“What – another one?” may be the response of many. Such a bank has long been the ambition of successive SNP leaders, Alex Salmond in particular. But one such bank already exists, in the form of the Scottish Investment Bank (SIB) established in 2010 as an expansion of Scottish Enterprise’s investment function. Its remit is to grow Scotland’s risk capital market and support early stage and expanding SMEs with growth and export potential to raise finance.
What possible need could there be for another one? After all, SIB has been far from idle. In 2017-2018 it invested £43.5 million in 147 Scottish companies, leveraged over £206m of investment, supported over 500 companies through SIB’s Financial Readiness Service and generated £17.6m of income from SIB investments. Why re-invent the wheel when one’s already rolling?
But the envisaged rationale for the new bank is far from mere duplication. It is set out in an exhaustive paper by the Scottish Parliament’s Information Centre (Spice). It runs to 55 pages with much additional research material recommended.
The proposed activities of the new bank, “go beyond a classic market failure correcting role to include a mission-orientated role to make strategic investments, which focus on solving Scottish societal challenges”.
It is not long before the head spins with all the purposes, goals, priorities and “missions”. These cover macro-economic aims, guiding principles on climate change, productivity, sustainability, socio-economic cohesion, diversity, ethics, and enough “missions” to fuel an evangelical church. It details its role as funding catalyst, priorities in stimulating economic growth, relationships with other institutions such as the enterprise agencies and Scottish Futures Trust, governance and accountability.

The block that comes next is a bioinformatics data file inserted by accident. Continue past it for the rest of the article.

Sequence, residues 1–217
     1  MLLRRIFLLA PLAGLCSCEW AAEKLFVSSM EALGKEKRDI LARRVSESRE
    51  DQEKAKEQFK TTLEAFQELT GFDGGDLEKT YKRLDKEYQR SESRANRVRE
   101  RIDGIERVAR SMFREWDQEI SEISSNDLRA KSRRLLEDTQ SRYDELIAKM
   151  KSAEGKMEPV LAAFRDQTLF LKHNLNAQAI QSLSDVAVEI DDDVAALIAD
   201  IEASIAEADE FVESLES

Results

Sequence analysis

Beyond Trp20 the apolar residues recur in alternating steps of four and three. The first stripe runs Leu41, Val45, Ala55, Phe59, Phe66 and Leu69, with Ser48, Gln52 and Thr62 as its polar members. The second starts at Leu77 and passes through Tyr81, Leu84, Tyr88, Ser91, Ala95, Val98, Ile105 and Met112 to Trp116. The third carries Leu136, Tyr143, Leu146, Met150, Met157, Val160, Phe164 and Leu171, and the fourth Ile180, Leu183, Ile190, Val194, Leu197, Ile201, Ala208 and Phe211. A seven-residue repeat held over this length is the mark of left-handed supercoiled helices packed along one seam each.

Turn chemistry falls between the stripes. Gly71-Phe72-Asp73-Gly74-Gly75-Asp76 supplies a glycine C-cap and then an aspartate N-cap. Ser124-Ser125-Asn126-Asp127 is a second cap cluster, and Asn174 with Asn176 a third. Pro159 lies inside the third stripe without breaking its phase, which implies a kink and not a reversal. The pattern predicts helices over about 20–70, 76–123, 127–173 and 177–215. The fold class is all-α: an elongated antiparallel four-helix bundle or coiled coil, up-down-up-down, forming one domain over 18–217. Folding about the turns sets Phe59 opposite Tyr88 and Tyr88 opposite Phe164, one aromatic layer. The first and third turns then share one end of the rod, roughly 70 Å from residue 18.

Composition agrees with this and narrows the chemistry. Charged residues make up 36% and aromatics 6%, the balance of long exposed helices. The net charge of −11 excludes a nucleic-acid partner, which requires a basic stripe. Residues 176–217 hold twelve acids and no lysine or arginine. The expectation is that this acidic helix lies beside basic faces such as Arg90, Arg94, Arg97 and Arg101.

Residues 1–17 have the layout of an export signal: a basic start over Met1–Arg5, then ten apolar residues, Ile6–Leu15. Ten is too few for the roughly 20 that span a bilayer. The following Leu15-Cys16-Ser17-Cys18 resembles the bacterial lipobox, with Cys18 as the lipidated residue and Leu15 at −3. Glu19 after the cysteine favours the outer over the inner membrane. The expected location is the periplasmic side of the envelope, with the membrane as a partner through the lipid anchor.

According to the Financial Memorandum, the total costs of the new bank will be £2.05 billion and the running costs between £20m and £30m a year. This allows for a staff of 100 to 150. The bank’s board will comprise a chair and between nine and 13 directors, with the chair and non-executive directors appointed by Scottish ministers.
And that, sceptics may surmise, is really why a spanking new separate bank is being set up. Unlike the existing bank, this one will be under the direct control of ministers and subject to the broader agenda of government policy and changes in political priorities. These will be set by Scottish ministers sending a document to the bank “setting out the socio-economic challenges it wants the bank to address. Scottish ministers may set, modify and bring missions to an end by the sending of such a document”.
And amid all the requirements for ethical and social investing, together with meeting established rates of return, arguably the biggest mission of all is to finance projects that will transform the economy. To achieve this, “there will be a need for investment in projects that will help Scotland exploit and accelerate new innovation – such as the transition to a low carbon economy. Such projects may require the bank to play a catalytic role in infrastructure investment (across transport, low carbon, housing, real estate, etc) providing finance that addresses the reasons why the private sector is not investing.”